Advanced persistent threats emerged during this same period as attackers began segregating victim computers and delivering custom configuration files to those of highest interest. In early 2009, Gumblar - the first dual botnet - emerged. Gumblar not only dropped a backdoor on infected PCs and used it to steal FTP credentials, it used those credentials to hide a backdoor on compromised websites as well. This development was quickly adopted by other Web attackers. The result: today's website compromises no longer track back to a handful of malicious domain hosts - instead any of the thousands of compromised sites can interchangeably play the role of malware host.

The volume of malware is merely a by-product of distribution and purpose. This can best be seen by tracking the number of known samples based on the era in which it occurred. For example, during the late 80s most malware were simple boot sector and file infectors spread via floppy disk. With limited distribution and less focused purpose, unique malware samples recorded in 1990 by AV-Test.org numbered just 9,044.

As computer network adoption and expansion continued through the first half of the 90s, distribution of malware became easier and malware volume increasd. In 1994, AV-Test.org reported 28,613 unique malware samples (based on MD5).

As technologies standardized, certain types of malware were able to gain ground. Macro viruses which exploited Microsoft Office products not only achieved greater distribution via email, they also gained a distribution boost by the increased adoption of email. In 1999, AV-Test.org recorded 98,428 unique malware samples.

As broadband Internet adoption increased, Internet worms became more viable. Distribution was further accelerated by increased use of the Web and the adoption of so-called Web 2.0 technologies which fostered a more favorable malware environment. In 2005, AV-Test.org recorded 333,425 unique malware samples.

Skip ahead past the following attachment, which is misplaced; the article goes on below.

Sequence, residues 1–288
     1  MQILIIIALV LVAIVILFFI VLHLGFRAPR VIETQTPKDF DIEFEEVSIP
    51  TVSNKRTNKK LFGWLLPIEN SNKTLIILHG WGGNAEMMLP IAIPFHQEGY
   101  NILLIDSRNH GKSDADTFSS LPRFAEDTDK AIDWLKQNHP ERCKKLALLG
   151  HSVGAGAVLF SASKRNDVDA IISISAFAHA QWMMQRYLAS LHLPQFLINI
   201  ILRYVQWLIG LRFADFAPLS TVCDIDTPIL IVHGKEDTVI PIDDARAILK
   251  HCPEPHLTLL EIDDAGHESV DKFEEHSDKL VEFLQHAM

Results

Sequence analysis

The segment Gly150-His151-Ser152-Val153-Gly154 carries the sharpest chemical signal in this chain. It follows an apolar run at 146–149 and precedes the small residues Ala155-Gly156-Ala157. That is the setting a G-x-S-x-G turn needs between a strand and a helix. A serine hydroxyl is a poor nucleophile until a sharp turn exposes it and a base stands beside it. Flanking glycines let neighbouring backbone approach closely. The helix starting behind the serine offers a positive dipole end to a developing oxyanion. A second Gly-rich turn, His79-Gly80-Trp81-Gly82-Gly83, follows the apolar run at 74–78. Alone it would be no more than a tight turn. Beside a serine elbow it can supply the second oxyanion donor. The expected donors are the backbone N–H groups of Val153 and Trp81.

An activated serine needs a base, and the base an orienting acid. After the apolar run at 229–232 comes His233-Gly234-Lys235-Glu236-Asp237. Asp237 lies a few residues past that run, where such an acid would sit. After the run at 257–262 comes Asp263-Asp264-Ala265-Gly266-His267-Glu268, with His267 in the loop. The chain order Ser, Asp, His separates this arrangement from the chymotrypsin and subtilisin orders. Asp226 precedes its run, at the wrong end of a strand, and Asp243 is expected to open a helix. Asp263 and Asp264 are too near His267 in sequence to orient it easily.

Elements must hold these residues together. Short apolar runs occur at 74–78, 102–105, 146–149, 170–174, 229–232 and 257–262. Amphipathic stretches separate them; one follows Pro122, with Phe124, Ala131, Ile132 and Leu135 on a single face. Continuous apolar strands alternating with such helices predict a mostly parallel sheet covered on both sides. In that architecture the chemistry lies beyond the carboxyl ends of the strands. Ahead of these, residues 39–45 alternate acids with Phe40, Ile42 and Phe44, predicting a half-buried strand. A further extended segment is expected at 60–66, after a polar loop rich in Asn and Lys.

Increased awareness in Web-based exploit kits led to an explosion of Web-delivered malware throughout the latter part of the millennium's first decade.

In 2006, the year MPack was discovered, AV-Test.org recorded 972,606 unique malware samples. As automated SQL injection and other forms of mass website compromises increased distribution capabilities in 2007, malware volume made its most dramatic jump, with 5,490,960 unique samples recorded by AV-Test.org in that year.

Since 2007, the number of unique malware has continued exponential growth, doubling or more each year since. Currently, vendors estimates of new malware samples range from 30k to over 50k per day. Put another way, the current monthly volume of new malware samples is greater than the total volume of all malware from 2006 and previous years.

Antivirus / Security Revenue
During the "sneakernet" era in the late 80s and early 90s, antivirus vendor revenues were collectively less than $1B USD. By 2000, antivirus revenues had increased to ~ $1.5B.

While some may point to the increasing antivirus/security vendor revenues as "proof" that antivirus vendors profit from (and thus create) malware, the math itself does not bear out this conspiracy theory. In 2007, for example, antivirus revenues grew by 131% - but malware volumes increased 565% that year. Additionally, antivirus revenue increases are also the result of new companies and expanding technologies (for example, security appliances and cloud-based security developments).